Theatre company Northern Stage provides a ‘festival within the Festival’ at the 2013 Fringe
This year's programme considers themes of 'dissent, protest and the need to ask questions'
This article is from 2013.
‘Curated programmes are making a comeback at the Fringe,’ explains Lorne Campbell, the new artistic director of Northern Stage. Last year the company took up residence in St Stephen’s, where – under the directorship of his predecessor Erica Whyman – it staged an array of work by artists from all across the north of England under one roof.
This year’s programme sees them ‘push the curational line’ even further. ‘Dissent, protest and the need to ask questions’ are the themes that pulse through this year’s programme. Campbell, who was born and raised in Edinburgh, is one of the founding members of Greyscale and a former associate director of the Traverse, as well as a freelance director and theatre-maker himself. His St Stephen’s season will feature ‘cross pollination between artists’ and work that prods at ‘the line between the personal and the political’.
The piece that does the latter most explicitly is perhaps Hannah Nicklin’s A Conversation with my Father, which explores the relationship between her, as a protestor, and her father, a retired policeman. The 2013 programme also includes How to Occupy an Oil Rig, Daniel Bye’s follow-up to his performance lecture, The Price of Everything, and The Paper Birds’ On The One Hand, a piece that looks at the social implications of ageing from a female perspective.
With the movement of Forest Fringe to new premises at the Out of the Blue Drill Hall, Campbell notes that something of ‘a geographic shift’ is occurring in the way audiences experience the Fringe. It’s shifting and spreading further from the commercial heart, a process that also allows ‘more opportunity for companies to embed in the community’. Campbell sees these shifts as in keeping with the ‘original impulse of the Fringe’ and he speaks of St Stephen’s as ‘a crucible’ for connecting communities, something brought to the fore in collaborative projects like Make. Do. And Mend, a day of theatrical problem-solving that sees Northern Stage working in collaboration with Forest Fringe.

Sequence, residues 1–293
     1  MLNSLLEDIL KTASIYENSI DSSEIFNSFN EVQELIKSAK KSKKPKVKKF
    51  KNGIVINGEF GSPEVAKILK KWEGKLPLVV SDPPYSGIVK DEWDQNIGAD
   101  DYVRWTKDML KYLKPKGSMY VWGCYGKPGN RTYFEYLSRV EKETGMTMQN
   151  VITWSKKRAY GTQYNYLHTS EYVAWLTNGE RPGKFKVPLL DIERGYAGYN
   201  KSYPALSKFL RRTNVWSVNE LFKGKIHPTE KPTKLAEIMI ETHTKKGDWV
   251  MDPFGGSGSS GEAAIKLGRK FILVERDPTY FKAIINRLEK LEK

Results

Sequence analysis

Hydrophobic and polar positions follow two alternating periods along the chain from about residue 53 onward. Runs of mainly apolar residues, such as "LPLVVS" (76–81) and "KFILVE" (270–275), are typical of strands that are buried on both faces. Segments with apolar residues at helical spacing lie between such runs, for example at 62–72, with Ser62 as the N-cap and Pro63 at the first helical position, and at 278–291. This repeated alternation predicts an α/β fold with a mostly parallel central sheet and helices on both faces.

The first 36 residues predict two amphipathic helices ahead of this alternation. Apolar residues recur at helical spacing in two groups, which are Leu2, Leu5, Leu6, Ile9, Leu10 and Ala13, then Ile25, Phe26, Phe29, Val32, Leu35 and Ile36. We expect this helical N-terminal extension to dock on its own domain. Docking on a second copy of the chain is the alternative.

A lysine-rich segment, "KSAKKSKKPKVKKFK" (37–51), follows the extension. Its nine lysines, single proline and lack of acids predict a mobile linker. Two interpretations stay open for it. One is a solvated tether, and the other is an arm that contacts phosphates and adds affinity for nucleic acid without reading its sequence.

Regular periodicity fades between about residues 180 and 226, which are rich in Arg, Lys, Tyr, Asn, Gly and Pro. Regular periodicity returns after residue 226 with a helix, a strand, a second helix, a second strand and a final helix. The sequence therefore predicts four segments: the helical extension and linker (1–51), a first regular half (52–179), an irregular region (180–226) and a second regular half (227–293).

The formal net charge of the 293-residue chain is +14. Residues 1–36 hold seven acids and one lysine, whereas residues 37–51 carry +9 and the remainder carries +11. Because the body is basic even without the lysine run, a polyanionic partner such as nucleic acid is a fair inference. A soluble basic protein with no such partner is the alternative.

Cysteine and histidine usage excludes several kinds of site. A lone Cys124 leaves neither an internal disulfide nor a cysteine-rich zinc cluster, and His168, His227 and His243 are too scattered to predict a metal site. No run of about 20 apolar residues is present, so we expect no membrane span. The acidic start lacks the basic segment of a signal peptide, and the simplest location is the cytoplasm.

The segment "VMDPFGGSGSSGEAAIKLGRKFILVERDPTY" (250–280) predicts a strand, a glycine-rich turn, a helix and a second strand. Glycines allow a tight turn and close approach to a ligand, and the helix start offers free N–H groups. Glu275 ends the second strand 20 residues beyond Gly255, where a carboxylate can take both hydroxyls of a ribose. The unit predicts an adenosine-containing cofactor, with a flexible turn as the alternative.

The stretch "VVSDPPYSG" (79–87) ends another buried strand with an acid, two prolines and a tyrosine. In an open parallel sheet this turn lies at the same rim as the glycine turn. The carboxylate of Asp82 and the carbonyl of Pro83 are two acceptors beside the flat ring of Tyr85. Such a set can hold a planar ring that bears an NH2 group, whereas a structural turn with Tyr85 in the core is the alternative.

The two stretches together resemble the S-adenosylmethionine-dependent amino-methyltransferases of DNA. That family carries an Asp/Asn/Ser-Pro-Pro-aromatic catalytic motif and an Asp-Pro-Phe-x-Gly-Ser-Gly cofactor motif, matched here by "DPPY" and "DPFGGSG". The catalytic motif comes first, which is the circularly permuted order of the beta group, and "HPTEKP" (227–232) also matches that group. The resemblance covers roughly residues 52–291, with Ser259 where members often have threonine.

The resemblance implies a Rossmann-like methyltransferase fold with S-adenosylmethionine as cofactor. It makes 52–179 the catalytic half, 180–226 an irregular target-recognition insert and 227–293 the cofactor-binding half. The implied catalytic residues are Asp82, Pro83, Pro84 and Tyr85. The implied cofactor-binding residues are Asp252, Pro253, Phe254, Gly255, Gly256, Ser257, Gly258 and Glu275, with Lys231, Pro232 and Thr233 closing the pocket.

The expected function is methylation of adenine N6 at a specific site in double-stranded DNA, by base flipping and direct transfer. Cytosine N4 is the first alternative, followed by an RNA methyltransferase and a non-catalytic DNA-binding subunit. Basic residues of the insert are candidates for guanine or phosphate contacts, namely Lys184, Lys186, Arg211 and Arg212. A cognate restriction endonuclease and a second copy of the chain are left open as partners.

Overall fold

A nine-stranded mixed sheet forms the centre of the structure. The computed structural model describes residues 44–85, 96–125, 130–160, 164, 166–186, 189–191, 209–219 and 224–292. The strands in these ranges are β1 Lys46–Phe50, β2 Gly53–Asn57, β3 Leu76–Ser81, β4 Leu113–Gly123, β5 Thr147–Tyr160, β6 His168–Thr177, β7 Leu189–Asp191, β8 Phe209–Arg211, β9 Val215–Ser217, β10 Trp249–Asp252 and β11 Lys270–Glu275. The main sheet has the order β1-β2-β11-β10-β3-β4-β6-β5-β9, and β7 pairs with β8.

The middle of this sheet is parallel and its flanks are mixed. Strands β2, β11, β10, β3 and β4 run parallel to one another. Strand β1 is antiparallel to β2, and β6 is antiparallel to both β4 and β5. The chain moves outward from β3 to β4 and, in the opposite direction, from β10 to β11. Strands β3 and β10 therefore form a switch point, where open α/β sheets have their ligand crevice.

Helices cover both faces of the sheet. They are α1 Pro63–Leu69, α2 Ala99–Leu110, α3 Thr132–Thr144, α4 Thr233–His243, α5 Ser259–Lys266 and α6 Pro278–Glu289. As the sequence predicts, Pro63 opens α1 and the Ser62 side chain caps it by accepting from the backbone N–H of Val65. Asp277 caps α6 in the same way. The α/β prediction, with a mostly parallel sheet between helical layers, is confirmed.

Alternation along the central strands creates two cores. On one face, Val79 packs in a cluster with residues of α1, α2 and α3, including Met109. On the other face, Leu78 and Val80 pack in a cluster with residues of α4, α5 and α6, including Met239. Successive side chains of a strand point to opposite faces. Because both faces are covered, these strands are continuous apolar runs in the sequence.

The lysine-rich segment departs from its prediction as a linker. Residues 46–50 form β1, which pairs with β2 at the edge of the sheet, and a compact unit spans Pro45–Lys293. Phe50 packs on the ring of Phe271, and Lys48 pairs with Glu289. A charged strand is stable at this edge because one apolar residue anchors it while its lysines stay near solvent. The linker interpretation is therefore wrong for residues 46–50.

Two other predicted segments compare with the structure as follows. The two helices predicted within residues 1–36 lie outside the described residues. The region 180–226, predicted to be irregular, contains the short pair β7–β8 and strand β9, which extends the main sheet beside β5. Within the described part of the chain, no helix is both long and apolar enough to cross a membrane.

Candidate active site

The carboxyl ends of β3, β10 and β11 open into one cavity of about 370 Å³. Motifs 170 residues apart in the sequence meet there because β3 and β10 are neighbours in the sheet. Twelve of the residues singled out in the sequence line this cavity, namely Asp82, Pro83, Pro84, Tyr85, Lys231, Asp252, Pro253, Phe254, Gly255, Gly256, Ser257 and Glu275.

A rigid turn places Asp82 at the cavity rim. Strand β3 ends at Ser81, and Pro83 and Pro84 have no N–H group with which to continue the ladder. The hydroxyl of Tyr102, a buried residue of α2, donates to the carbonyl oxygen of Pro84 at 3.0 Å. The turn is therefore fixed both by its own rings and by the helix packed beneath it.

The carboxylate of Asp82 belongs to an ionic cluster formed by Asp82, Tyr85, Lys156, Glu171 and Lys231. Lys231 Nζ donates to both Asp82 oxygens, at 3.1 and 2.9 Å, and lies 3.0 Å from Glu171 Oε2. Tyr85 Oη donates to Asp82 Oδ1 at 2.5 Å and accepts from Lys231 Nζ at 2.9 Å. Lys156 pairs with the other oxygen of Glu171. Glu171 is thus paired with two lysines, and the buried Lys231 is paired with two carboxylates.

Last year’s residency saw the converted church become a real social and artistic hub, a kind of festival within the Festival, and that’s something Campbell wants to see continue this year. Both the St Stephen’s Café Bar and the St Vincent Bar across the street are central to the experience, and a day-saver ticketing scheme encourages audiences to stay and take in a number of shows in any one day.
Campbell believes that, since Northern Stage is based in the very north of England, there’s a necessity for it to be ‘looking north to Scotland as well as south to England’ in terms of the work it programmes. The event that best encapsulates this is the Bloody Great Border Ballad Project, curated by Campbell, which will chart 95 years of ‘an imagined future history’ of Scotland in ballad form. Spread across the Fringe, the project will explore what the post-independence relationship between Scotland and England might look like, with a new verse of the ballad written each day. Balladeers include Lucy Ellinson, Kieran Hurley and Cora Bissett, and the project as a whole seems a fitting focal point for what, according to Campbell, promises to be a festival of connection.
Northern Stage at St Stephen’s, 558 3047, 3–24 Aug. For full listings visit ourNorthern Stage listings.